55 Music Concourse Dr.
Golden Gate Park
San Francisco CA
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11:00 am – 5:00 pm
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8:30 – 9:30 am


10:00 – 11:00 am

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Richard Ross

Richard is a Biologist for the Steinhart Aquarium.


Briefly describe your job and your area of expertise. I take care of several different animals in the Aquarium. My favorites are the cephalopods, and I am particularly fond of our cuttle breeding program. As a member of the coral reef team, I help plan and take care of our ambitious 212,000 gallon reef tank, where I spend a good amount of my time under water moving rocks and coral and observing fish (and, by looking through the tank windows, our visitors).  I am also fortunate to be on the team that takes care of Claude, our albino alligator. I spend most of the rest of my time coordinating one of our Quarantine and Holding rooms, growing coral and making sure incoming animals get the proper care they need before going on public view.

What got you interested in becoming a biologist? There have always been animals in my house ever since I was a kid. I have vivid memories of my father’s two 50 gallon aquariums in our living room – one goldfish and one African cichlids – and of watching Jacques Cousteau on television. When I was a teenager, I had 22 aquariums in my bedroom, and my parents were incredibly generous allowing me to keep them even during the phase where I flooded the house regularly. I got into saltwater animals in the 1980’s. I have worked in various exotic pet stores, and have been lucky enough to have been a consultant on a coral farming project in Tonga. My wife’s hobby is travel, so my immediate family has been to a lot of places, including a lot of wild reefs. I have also been a writer for many marine hobby magazines and a speaker at Aquarium Conventions. All of this made me incredibly interested in doing my job at the Steinhart Aquarium.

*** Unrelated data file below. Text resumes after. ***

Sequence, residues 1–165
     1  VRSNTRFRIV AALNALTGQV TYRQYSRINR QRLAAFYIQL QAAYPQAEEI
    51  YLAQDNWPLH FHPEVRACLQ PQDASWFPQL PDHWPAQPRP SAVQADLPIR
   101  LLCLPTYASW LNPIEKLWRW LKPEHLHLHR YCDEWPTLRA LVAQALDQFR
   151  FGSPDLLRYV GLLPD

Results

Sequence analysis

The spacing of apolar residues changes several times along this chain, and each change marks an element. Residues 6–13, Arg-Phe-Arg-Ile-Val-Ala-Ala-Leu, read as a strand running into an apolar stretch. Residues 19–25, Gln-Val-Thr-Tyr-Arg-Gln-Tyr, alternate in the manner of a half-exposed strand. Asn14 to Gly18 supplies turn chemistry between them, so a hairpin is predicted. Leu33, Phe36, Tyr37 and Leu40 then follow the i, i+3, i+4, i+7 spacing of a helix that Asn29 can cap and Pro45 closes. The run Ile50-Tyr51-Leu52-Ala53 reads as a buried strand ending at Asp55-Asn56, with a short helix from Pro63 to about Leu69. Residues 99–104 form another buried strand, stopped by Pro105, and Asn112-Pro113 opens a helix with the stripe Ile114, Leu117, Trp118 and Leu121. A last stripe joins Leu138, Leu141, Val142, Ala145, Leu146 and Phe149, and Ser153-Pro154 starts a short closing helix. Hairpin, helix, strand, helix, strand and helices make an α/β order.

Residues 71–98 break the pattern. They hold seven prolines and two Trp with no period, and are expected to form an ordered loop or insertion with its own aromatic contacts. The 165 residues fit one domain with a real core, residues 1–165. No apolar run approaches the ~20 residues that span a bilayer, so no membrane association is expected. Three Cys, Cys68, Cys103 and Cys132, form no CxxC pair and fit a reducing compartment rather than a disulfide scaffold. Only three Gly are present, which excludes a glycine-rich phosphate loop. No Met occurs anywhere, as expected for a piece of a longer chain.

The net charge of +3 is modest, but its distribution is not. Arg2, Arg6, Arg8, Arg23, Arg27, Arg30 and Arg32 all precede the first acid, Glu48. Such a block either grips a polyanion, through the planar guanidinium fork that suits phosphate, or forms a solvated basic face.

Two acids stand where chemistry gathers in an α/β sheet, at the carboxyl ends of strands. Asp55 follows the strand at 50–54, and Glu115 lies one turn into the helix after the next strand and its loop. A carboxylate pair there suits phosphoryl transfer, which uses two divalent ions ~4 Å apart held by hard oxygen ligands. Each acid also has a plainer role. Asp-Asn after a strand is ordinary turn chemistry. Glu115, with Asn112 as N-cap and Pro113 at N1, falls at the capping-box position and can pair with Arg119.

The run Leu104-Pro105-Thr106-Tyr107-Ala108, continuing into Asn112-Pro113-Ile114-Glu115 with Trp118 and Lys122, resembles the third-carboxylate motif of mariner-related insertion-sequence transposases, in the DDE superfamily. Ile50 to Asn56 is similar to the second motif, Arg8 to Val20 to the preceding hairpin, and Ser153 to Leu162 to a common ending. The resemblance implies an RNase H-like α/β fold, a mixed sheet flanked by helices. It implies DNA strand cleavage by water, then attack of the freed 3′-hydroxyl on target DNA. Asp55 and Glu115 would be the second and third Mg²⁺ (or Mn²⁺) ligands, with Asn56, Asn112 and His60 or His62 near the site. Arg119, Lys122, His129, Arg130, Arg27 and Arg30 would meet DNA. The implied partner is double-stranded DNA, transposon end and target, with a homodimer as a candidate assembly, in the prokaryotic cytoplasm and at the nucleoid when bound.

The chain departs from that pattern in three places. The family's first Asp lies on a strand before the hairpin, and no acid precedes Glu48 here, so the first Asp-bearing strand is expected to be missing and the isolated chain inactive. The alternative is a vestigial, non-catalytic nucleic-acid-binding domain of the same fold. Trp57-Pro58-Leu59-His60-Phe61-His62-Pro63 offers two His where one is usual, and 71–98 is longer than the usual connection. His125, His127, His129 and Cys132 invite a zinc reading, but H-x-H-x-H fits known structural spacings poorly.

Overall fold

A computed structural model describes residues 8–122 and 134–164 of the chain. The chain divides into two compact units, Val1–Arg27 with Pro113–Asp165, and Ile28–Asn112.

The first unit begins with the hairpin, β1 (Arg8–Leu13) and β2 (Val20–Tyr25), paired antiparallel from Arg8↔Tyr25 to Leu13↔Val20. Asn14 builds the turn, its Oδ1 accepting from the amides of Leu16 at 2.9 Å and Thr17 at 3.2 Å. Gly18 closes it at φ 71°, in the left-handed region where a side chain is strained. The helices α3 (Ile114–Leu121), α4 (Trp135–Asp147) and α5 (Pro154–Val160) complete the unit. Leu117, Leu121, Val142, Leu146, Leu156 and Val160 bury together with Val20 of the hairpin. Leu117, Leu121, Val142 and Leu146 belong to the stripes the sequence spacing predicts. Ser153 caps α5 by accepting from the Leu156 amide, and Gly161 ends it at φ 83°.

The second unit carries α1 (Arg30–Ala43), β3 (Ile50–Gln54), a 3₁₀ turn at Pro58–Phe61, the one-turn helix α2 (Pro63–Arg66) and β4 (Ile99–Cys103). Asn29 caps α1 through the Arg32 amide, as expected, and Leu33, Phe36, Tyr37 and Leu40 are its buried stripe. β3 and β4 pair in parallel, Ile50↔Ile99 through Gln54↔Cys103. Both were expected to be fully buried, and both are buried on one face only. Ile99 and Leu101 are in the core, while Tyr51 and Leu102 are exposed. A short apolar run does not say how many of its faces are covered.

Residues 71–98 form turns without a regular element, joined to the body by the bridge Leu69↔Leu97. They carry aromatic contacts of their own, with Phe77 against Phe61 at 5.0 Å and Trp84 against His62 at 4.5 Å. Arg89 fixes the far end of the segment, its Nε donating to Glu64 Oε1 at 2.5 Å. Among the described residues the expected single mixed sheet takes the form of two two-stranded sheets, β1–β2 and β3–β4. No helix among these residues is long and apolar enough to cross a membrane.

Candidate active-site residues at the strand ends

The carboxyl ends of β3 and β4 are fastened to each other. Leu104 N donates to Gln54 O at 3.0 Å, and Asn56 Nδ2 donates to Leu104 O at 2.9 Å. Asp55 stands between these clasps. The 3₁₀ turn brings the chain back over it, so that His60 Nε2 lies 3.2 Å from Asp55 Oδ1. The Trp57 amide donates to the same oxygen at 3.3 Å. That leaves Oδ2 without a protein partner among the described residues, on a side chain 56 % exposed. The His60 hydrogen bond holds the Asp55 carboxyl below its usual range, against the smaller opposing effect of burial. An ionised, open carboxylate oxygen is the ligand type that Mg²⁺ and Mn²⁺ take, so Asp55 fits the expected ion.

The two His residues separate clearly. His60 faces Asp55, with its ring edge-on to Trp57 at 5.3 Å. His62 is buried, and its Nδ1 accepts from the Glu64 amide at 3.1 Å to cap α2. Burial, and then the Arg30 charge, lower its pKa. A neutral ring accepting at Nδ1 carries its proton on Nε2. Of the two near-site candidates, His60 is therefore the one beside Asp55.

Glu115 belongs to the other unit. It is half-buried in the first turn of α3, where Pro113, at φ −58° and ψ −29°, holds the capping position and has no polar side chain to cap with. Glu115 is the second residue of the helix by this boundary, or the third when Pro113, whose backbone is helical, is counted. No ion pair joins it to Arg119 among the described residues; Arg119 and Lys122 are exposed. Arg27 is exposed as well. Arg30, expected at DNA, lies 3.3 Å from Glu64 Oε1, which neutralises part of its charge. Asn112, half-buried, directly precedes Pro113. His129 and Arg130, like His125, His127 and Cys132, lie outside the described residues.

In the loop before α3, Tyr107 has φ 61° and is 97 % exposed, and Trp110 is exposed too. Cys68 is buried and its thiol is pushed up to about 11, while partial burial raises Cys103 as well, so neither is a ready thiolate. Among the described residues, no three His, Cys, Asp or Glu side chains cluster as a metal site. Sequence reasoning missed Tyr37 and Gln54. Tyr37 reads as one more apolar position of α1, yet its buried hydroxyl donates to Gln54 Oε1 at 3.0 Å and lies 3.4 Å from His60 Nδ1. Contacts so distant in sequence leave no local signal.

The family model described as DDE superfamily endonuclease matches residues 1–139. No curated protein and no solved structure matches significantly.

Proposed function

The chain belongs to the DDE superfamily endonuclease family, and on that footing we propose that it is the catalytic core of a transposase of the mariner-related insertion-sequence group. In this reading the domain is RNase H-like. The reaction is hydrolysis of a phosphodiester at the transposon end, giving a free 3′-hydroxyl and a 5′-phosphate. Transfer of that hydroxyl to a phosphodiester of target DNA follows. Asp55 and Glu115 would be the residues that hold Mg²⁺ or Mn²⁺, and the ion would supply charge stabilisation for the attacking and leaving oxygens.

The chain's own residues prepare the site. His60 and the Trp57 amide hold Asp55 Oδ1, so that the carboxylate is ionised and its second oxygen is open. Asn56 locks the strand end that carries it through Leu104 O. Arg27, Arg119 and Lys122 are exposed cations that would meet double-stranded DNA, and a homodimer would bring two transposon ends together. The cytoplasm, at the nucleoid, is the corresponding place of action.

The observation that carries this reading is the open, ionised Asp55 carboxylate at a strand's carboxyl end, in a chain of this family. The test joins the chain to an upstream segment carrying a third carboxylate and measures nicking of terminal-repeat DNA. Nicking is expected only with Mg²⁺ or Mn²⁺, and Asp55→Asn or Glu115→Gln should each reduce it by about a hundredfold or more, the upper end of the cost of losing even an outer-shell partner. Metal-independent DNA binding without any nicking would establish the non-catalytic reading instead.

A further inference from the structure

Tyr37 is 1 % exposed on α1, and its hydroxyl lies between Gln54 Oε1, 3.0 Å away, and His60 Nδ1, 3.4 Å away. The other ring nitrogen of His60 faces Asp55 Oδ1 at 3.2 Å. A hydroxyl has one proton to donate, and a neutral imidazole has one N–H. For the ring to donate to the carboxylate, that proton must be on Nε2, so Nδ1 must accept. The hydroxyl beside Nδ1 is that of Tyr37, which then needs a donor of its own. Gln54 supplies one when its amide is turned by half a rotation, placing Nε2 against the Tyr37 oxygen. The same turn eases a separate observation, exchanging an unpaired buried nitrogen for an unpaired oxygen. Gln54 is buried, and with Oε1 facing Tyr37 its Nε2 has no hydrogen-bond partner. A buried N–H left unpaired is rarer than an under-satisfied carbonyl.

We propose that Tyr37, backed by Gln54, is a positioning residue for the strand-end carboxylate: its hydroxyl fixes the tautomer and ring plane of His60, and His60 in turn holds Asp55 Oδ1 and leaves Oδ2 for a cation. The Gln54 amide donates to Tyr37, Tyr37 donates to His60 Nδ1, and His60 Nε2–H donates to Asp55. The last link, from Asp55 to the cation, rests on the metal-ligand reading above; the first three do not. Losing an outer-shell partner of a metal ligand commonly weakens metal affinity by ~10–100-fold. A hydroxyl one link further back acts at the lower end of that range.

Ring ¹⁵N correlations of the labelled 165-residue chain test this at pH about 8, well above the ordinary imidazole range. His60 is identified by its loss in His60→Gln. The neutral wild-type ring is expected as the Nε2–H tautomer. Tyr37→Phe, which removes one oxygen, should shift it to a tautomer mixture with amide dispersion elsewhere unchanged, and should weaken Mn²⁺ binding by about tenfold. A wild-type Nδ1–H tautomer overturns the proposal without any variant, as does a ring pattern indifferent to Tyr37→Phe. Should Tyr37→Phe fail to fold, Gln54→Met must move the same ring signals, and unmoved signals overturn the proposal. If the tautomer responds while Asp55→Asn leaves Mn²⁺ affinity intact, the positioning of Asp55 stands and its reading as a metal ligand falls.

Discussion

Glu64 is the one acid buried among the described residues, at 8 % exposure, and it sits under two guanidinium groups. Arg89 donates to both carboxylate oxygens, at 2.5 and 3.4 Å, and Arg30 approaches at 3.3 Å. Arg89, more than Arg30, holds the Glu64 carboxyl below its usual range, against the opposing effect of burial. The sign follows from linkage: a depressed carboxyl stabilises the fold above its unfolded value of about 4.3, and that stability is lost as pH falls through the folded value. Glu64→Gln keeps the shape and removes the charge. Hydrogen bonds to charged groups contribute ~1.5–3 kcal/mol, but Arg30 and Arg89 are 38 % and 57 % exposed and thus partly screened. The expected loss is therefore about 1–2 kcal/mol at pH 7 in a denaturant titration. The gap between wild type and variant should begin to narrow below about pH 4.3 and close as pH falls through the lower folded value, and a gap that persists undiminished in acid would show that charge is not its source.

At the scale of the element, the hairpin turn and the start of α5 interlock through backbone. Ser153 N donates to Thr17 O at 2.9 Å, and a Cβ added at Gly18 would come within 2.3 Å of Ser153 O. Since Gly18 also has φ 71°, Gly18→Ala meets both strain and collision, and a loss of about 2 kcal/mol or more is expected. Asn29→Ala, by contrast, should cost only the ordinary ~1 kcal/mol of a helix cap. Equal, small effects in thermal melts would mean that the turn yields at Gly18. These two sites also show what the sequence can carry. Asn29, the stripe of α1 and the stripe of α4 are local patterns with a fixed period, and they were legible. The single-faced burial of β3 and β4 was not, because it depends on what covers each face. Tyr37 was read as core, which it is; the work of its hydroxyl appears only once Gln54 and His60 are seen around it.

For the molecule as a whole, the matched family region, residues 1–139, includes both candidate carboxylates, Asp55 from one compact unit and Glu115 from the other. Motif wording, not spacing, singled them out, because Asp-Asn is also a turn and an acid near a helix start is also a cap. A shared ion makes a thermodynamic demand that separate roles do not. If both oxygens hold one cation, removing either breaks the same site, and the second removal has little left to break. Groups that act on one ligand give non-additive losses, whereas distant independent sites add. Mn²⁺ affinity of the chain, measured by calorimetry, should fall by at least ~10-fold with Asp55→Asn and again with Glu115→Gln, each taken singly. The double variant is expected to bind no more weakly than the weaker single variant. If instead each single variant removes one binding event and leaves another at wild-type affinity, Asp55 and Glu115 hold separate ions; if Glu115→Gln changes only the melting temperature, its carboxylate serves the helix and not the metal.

What do you like most and least about your job? My favorite thing about my job is being part of one of the largest indoor corals reefs in the world – it’s an ever-challenging project that never gets dull. I also love being able to care of animals I might not be able to care for in any other situation – how many other jobs would allow me to go home and tell my daughter that I those sucker marks on my are are from a giant octopus? My least favorite thing about my job is not being able to sleep in on Sundays.

What college did you go to and what degree did you receive? UCDavis, BA Philosophy

What influenced your job choice and when? I was a stay at home dad, and when my daughter started going to school I volunteered for the Steinhart Aquarium at Howard Street. As the migration to the park began, I was hired on part time – which then turned into a full time offer. Since my daughter was doing well in school, it was the perfect time to take the offer of what amounted to my dream job.

Do you have pets at home? What and how many? Yes, too many. 3 hairless cats, 6 egg laying chickens, a bearded dragon, 2 African spur thigh tortoises, a 300 gallon reef system and a 300 gallon cephalopods/fish breeding system.

Advice for someone wanting to go into your field. Follow your passion and learn everything you can. Take critical thinking classes. Make sure you have a good basic understanding of how the systems you want to care for work, as well as an understanding on how to build and troubleshoot them. Join and be active in a local aquarium club. Get hands on experience, volunteer and do a great job without expecting to get hired.

More about Richard


Selected Articles and Publications

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Richard’s Suggested Reading:




“The Reef Aquarium, Vol 1-3” by Delbeek and Sprung, 1994, 1997, 2005  (Ricordea Publishing)

“The Demon Haunted World: Science as a Candle in the Dark” by Carl Sagan, 1997 ( Ballantine Books)

“Cephalopods: Octopuses and Cuttlefish for the Home Aquarium” by Dunlop and King, 2008 (TFH publications)